• Provider Provider tags specify each of your application‘s Content Providers. Content Providers are used to manage database access and sharing within and between applications.
<provider android:permission="com.paad.MY_PERMISSION"
  • Receiver By adding a receiver tag, you can register a Broadcast Receiver without having to launch your application first. Broadcast Receivers are like global event listeners that, once registered, will execute whenever a matching Intent is broadcast by the system or an application. By registering a Broadcast Receiver in the manifest, you can make this process entirely autonomous. If a matching Intent is broadcast, your application will be started automatically and the registered Broadcast Receiver will be run.
<receiver android:enabled="true"
android:label="My Intent Receiver"
  • Uses-permission As part of the security model, uses-permission tags declare the permissions you‘ve determined. Your application needs to operate properly. The permissions you include will be presented to the user before installation commences. Permissions are required for many of the native Android services, particularly those with a cost or security implication (such as dialing, receiving SMS, or using the location-based services).
<uses-permission android:name="android.permission.ACCESS_LOCATION"/>
  • Permission Third-party applications can also specify permissions before providing access to shared application components. Before you can restrict access to an application component, you need to define a permission in the manifest. Use the permission tag to create a permission definition.

Application components can then require permissions by adding the android:permission attribute. Other applications will then need to include a uses-permission tag in their manifests to use these protected components.

Within the permission tag, you can specify the level of access the permission will permit (normal, dangerous, signature, signatureOrSystem), a label, and an external resource containing the description that explains the risks of granting the specified permission.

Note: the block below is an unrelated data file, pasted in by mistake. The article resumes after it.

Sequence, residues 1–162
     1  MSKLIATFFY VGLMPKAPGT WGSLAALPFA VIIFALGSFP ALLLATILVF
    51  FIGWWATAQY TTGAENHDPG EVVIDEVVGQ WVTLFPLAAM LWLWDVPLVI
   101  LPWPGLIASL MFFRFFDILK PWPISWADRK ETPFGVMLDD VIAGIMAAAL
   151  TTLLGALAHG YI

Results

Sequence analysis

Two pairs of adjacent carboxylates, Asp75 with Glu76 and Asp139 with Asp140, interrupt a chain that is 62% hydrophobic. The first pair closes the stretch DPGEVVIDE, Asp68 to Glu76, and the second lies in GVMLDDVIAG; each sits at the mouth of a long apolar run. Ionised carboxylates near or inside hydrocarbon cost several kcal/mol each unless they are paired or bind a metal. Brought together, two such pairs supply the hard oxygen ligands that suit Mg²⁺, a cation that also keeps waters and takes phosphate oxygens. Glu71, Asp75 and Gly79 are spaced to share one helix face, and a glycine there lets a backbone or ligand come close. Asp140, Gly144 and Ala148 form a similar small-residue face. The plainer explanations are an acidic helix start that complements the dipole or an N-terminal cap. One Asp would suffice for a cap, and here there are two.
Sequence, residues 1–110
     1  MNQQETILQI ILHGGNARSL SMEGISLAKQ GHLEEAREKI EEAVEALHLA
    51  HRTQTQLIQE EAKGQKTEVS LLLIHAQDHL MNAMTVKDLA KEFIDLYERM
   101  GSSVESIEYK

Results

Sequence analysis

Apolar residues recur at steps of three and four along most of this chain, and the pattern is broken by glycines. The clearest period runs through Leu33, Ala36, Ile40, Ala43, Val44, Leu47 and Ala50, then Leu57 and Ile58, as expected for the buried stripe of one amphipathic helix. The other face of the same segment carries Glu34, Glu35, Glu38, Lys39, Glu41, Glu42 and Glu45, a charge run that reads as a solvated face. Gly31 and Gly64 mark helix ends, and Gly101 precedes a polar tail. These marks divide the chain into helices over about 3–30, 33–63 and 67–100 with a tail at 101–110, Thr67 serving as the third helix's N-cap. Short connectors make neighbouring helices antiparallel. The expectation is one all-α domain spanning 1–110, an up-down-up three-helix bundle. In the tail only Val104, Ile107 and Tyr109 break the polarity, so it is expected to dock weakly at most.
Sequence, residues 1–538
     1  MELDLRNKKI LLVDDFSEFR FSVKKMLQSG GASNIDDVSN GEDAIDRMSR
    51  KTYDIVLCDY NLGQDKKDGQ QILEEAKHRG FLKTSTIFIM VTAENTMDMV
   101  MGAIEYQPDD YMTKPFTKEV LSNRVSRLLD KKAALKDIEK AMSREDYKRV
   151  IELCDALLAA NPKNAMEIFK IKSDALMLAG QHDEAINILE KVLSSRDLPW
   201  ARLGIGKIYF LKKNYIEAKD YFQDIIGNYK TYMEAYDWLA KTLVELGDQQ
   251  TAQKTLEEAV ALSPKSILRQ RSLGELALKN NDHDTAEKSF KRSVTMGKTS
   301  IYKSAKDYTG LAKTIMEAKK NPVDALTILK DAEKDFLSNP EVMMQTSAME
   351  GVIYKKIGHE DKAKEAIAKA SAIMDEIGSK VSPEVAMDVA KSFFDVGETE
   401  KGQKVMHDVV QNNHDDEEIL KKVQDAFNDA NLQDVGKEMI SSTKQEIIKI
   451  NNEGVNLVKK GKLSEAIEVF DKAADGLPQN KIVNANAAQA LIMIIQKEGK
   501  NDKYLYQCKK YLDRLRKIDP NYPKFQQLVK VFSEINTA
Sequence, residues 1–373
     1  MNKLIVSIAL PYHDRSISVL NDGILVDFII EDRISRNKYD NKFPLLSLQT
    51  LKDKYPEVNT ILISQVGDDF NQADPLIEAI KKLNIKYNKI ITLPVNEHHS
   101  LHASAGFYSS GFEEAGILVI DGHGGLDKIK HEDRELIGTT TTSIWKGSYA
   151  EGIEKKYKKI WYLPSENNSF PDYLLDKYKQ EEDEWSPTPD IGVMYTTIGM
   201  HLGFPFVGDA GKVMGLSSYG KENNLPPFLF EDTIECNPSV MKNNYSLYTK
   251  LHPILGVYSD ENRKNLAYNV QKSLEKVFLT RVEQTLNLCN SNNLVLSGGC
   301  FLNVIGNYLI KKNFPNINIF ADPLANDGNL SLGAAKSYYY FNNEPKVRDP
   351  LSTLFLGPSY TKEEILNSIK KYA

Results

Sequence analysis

<permission android:name="com.paad.DETONATE_DEVICE" android:protectionLevel="dangerous"
android:label="Self Destruct" android:description="@string/detonate_description"> </permission>

The ADT New Project Wizard automatically creates a new manifest file when it creates a new project.

Using the Manifest Editor

The ADT plug-in includes a visual Manifest Editor so you don‘t have to manipulate the underlying XML directly.

To use the Manifest Editor in Eclipse, right-click the AndroidManifest.xml file in your project folder and select Open With . . . ➪ Android Manifest Editor. This presents the Android Manifest Overview screen. This screen gives you a high-level view of your application structure, enabling you to set your application version information and root level manifest nodes, including <uses-sdk> and <uses-features>. It also provides shortcut inks to the Application, Permissions, Instrumentation, and raw XML screens. Each of the next three tabs contains a visual interface for managing the application, security, and instrumentation (testing) settings, while the last tag (using the manifest‘s file name) gives access to the raw XML.

Android Application Lifecycle

Android applications have limited control over their own life cycles. Instead, application components must listen for changes in the application state and react accordingly, taking particular care to be prepared for untimely termination.

By default, each Android application runs in its own process, each of which is running a separate instance of Dalvik. Memory and process management is handled exclusively by the run time.

While it’s uncommon, it’s possible to force application components within the same application to run in different processes or to have multiple applications share the same process using the android:process attribute on the affected component nodes within the manifest.